The Patriot Analysis of the Poem His monologue tells the narrative of a guy who was once revered as a great hero by the public, only to be misunderstood and abandoned by the latter. He is scheduled to be executed in public today for a crime he claims he did not commit. Before his death, he makes a final plea to the public for help, revealing many secrets about himself and his country's history.
Here are some other important things that The Patriot reveals about America and its people:
• It has been said that every nation has a government ordained by its people; however, not every nation allows its people to see it. In America, the government acts as an invisible hand guiding the people toward freedom and prosperity. The Patriot confirms this when he says, "A free people ought to be able to know how their government exists, and what kind of laws it makes."
• The Patriot also reveals that our government is not the sole authority over law enforcement; we all have a role to play in keeping ourselves safe. He states that even though he may be about to die, he will not go down without a fight against the British soldiers intent on killing him. This shows that even though America's government may not be able to save him from execution, everyone else can!
• Finally, the Patriot reveals that he is not the only one who knows the truth about American history.
Robert Browning's The Patriot is a theatrical monologue in which the main character is the only one speaking to himself in a dramatic fashion. It's a depressing look at the emergence and fall of heroes as a result of the irrational mob mentality. Rather than describing the destiny of all heroes, the poem narrates the fate of a single hero. However, it's important to note that this poem is not really about one man; instead, it's about the nature of heroism itself.
In terms of style, The Patriot follows a typical English poetry tradition by using meter (the study of measure) and rhyme scheme to create a consistent pattern of stresses and pauses within each line. This technique helps the reader understand how words are related to each other rhythmically and gives the work cohesiveness. In addition, the use of iambic pentameter—which is a five-beat sequence consisting of an unstressed syllable followed by a stressed syllable with the first two beats being identical and the last three being different—is common in dramatic poems to help maintain a strong tone throughout the piece. Finally, prose is used to explain what happens off stage or in scenes where multiple characters are involved.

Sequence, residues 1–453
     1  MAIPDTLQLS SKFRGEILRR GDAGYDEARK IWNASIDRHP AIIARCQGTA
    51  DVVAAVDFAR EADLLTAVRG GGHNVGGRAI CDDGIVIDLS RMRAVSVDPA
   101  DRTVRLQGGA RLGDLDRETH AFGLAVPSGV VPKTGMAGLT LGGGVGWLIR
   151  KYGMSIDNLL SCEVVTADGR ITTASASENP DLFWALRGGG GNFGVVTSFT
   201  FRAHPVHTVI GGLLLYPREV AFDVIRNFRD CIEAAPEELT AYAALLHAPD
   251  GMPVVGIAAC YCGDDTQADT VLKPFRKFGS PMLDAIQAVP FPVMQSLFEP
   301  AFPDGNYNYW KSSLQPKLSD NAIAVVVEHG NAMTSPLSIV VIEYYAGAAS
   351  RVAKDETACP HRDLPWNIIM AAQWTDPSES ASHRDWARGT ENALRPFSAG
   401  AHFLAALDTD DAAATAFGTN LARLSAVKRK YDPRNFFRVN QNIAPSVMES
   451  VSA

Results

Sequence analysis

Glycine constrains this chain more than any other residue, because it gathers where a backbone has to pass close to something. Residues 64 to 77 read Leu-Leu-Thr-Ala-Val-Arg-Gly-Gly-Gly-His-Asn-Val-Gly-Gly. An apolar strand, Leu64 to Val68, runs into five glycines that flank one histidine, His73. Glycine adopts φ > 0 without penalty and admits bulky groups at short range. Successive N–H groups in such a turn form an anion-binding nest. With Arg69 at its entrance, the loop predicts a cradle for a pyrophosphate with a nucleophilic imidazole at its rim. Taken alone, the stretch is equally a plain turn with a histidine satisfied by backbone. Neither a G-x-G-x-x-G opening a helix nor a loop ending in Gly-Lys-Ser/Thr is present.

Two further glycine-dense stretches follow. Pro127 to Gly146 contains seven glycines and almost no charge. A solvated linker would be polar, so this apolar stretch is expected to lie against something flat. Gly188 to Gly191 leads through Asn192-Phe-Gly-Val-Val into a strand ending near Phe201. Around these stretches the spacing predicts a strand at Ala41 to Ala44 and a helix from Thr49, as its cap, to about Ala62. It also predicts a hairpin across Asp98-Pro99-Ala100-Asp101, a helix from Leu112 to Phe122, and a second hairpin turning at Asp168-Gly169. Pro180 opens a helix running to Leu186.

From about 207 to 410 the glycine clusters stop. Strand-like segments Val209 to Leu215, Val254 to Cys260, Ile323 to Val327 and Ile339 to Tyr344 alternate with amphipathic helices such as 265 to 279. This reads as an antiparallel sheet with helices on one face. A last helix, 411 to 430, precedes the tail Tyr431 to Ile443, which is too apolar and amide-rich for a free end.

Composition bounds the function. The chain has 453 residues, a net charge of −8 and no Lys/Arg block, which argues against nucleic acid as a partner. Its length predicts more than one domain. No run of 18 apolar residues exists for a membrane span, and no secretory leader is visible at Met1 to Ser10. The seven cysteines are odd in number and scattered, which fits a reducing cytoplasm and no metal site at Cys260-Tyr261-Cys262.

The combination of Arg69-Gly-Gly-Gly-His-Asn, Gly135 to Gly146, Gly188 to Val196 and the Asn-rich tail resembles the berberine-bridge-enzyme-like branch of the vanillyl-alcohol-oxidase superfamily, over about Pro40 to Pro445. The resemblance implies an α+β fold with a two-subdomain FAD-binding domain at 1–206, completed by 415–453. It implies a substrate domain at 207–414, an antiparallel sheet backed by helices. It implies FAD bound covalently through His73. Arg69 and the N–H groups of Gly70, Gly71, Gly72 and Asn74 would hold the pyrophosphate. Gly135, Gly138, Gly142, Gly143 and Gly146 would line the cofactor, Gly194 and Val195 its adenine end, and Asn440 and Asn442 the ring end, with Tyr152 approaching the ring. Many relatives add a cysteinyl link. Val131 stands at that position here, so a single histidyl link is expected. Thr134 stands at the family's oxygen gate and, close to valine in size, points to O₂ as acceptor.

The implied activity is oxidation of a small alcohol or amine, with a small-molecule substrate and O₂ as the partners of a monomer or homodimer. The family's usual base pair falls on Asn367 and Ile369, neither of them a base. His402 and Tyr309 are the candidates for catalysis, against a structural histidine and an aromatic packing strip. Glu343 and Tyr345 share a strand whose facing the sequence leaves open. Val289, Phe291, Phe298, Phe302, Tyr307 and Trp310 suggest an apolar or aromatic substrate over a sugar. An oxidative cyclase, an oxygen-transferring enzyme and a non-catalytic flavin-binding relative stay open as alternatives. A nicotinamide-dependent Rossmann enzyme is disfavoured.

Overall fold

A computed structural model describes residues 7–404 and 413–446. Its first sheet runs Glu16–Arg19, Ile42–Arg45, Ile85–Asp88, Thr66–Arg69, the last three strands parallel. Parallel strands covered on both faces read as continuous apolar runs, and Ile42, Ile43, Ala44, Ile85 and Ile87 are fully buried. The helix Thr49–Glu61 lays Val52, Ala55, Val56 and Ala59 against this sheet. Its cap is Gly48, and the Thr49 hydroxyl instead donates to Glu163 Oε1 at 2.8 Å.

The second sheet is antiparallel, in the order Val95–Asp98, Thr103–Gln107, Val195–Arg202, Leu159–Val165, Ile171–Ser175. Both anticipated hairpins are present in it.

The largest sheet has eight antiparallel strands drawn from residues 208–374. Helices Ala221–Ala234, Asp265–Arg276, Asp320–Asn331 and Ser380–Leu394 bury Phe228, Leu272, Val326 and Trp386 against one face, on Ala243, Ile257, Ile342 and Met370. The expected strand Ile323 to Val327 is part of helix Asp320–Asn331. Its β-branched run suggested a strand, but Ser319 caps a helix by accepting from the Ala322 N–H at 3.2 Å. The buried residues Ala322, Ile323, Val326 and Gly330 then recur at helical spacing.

In conclusion, The Patriot is a dramatic poem because it tells the story of a single character through internal thoughts and feelings rather than focusing on other people. Browning uses language effectively to create a vivid picture of the mind of his protagonist during his descent into self-destruction.
The Patriot: An Old Story is written in Browning's signature style, reflecting his murkiness, profound spirituality, and tremendous confidence. The poem's theme is widely applicable since it deals with the demise of great individuals. Power and grandeur are ephemeral and will never last forever. Even the most revered figures will be forgotten once they are gone.
Patriotism is an important subject for Browning since he was born in a country that had just experienced its own War of Independence. He felt a sense of responsibility to write about such a crucial issue even though he was only interested in doing so from a personal perspective.
Browning's father was a government official who worked for the Foreign Office in London. When Richard was only nine years old, his family moved to South Carolina where he grew up in relative poverty. His parents had hoped to give him a good education but instead he learned at an early age how to make a living by writing poems. When he was twenty-one, he traveled back to England where he spent the rest of his life. During this time, he published several collections of poems which made him famous all over Europe. He died at the age of forty-nine after falling off of his horse while riding in Richmond Park.
In 1845, Britain and America went to war against each other. This conflict ended three years later with a British victory but at a high cost for their army.
(v) At the end of the poem, the patriot is overjoyed. He claims that he is secure in God's hands. He feels he has done everything he can for his country's citizens. However, no one has rewarded him. Even though he has lost everything, he is still proud and will not submit to the enemy. This last action causes him to die a martyr's death.
The conclusion of this poem is very powerful. It makes you think about what type of person you want to be like when faced with danger. You never know when it might happen again so you need to be ready. Also, the author shows that even if you give your life for your country, there is no guarantee that you will be remembered as a hero.
Here are some lines from the conclusion (with my analysis below them):
"And now am I secure from harm? No, not while England holds me here: My wife and children pray for me, but what help is that? My country calls upon me, but what duty is that? I cannot be safe unless I be found useful. Therefore, to work I fly; this land I love shall see me again!"
This statement really hits home about how we should all feel about those who have gone before us.